The vibe in Calgary is not like that at all. Yes, there is a bit of territorialism, but it only manifests itself in the few ‘secret’ waves around Calgary known only to the most dedicated river surfers (who spent their time scouring the local rivers to find them). Even then, some locations are kept secret partly for safety (either they’re too advanced or the inevitable ride downstream after falling is too dangerous for most surfers) or because they’re only accessible via privately-owned land.
But that’s where any territorialism ends.
The Calgary surf community is overwhelmingly friendly and supportive. This is Canada, after all.
The lineup is full of friendly banter, and you don’t need to be an amazing surfer to elicit cheers from the crowd. Every time a surfer shows a bit of progression — stands up for the first time or learns a new skill — clappings and ‘whoo-hooos’ erupt from the banks.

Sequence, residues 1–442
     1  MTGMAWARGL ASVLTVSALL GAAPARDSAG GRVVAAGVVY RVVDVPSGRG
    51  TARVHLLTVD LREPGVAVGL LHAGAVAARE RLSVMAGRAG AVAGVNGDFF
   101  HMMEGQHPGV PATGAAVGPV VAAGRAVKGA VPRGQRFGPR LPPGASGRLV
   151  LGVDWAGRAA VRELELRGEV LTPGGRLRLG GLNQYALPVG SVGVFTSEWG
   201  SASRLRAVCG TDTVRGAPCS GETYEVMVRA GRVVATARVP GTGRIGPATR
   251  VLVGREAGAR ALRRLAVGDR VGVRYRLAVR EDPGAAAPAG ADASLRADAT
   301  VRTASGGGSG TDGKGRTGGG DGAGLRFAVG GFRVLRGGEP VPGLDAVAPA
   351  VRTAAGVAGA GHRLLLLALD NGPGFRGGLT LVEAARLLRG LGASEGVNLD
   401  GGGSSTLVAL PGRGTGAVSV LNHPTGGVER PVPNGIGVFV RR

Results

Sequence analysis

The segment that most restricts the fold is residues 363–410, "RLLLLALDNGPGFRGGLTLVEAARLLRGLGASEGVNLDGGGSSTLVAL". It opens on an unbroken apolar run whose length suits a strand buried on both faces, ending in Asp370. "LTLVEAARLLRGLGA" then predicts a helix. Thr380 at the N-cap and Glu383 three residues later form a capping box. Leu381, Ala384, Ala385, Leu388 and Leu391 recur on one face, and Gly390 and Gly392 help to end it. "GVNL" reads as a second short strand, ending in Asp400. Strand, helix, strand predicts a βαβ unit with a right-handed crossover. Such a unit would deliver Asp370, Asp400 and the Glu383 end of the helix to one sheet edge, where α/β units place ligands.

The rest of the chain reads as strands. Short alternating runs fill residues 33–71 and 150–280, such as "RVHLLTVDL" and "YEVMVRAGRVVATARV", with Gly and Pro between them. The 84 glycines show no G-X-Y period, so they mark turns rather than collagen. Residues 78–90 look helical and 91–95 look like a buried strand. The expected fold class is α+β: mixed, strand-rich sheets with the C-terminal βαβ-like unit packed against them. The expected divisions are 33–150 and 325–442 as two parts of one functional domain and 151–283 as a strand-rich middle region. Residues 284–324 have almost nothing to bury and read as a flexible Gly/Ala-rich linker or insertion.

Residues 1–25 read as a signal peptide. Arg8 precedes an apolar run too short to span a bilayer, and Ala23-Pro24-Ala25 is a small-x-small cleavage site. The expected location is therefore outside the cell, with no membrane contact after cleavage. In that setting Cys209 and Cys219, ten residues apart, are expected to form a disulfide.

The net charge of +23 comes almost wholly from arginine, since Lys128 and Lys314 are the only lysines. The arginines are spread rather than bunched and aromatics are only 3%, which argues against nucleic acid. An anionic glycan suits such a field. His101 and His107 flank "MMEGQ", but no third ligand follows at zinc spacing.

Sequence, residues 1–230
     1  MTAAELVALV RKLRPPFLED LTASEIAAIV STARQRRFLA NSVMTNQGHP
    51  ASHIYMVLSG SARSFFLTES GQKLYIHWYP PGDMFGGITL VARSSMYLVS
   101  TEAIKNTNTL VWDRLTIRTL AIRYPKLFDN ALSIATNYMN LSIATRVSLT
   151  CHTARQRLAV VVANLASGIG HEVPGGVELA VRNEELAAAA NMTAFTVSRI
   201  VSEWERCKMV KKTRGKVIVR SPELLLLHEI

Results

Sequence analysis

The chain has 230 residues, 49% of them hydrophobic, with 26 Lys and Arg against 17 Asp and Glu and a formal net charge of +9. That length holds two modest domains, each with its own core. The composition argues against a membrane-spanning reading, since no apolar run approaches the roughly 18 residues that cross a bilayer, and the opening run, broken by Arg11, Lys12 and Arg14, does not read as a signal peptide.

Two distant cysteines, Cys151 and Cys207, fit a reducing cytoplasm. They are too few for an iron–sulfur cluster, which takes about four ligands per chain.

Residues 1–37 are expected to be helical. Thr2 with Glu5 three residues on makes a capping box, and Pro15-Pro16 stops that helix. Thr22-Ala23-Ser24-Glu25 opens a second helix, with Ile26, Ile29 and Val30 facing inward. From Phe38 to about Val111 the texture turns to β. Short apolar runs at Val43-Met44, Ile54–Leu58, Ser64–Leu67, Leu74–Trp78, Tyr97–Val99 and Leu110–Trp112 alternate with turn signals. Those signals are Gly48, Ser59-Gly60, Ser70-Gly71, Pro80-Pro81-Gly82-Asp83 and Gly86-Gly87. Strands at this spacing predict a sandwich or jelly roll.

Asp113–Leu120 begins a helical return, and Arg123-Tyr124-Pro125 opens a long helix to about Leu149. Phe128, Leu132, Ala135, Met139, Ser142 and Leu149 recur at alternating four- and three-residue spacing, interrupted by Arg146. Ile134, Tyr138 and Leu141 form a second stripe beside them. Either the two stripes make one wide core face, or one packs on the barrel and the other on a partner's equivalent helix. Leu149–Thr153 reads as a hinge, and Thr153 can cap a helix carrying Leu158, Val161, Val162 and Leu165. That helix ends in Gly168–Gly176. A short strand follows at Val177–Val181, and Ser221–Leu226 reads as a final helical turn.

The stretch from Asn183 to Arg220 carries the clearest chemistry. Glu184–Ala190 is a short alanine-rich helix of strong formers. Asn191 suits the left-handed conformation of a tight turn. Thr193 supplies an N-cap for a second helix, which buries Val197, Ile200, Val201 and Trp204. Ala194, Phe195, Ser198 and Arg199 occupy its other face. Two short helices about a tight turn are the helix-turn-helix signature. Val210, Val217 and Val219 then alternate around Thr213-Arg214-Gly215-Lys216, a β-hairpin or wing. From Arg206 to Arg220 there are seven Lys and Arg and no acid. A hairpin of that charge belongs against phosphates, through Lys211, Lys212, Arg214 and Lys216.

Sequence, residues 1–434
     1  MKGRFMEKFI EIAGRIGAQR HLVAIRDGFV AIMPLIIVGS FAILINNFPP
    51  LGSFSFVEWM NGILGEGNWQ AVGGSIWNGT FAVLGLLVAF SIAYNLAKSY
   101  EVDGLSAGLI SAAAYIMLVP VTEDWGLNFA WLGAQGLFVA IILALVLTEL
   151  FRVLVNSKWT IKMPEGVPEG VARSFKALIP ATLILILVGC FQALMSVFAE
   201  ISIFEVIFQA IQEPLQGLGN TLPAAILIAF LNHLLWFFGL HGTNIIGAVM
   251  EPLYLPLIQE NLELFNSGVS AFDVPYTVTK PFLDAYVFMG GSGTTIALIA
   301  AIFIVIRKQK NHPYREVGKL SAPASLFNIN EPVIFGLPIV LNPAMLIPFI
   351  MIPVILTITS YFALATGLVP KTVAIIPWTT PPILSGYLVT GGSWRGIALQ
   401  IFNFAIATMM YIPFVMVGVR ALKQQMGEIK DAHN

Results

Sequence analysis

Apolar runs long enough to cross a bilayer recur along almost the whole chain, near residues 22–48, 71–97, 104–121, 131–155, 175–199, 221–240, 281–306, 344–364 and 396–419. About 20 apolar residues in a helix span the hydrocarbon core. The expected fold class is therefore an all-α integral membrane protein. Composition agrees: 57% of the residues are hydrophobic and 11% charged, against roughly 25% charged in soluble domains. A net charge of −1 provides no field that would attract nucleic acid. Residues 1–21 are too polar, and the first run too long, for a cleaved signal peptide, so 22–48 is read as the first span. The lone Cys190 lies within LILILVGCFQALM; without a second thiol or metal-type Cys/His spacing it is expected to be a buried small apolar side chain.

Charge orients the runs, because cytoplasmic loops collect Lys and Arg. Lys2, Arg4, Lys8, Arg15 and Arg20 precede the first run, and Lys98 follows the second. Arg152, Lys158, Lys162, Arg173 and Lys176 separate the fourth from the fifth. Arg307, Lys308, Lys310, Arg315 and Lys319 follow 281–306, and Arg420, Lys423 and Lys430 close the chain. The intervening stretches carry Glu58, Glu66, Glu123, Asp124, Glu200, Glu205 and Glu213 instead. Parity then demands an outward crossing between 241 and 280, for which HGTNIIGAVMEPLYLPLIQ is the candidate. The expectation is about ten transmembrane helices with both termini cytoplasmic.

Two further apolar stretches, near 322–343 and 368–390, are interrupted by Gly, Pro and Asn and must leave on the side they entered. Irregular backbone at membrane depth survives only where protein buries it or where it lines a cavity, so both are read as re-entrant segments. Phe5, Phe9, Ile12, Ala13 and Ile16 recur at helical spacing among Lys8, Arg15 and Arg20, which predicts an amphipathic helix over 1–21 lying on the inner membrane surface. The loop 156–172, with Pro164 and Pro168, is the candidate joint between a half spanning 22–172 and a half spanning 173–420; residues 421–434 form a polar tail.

I was told by Jacob that this would happen. It happened to me twice during my trip: my first time standing up on The Mountain and my first time standing on the 10th Street Wave.
That’s how surfing is supposed to be.
The lineup at the 10th Street Wave.
Sunset at the 10th Street Wave
The one maneuver that can only be done on a river wave: an acid drop (throwing your board onto the wave and jumping on to it).
Calgary River Surfing Resources
Riversurfing.ca – The original river surfing online community, founded in Calgary .
Waveslayar Surfboards – Custom-shaped boards for river surfers made locally in Calgary by New Zealand transplant Jason McQuade.
Undercurrents – The only shop I could find offering river surfing rentals, but I haven’t tried them so I can’t speak to the quality or service.
Riverbreak – The international river surfing magazine, including a map of river waves around the world.
Surf Anywhere – For more information on the wave builders themselves.
Jacob on the 10th Street Wave at dusk.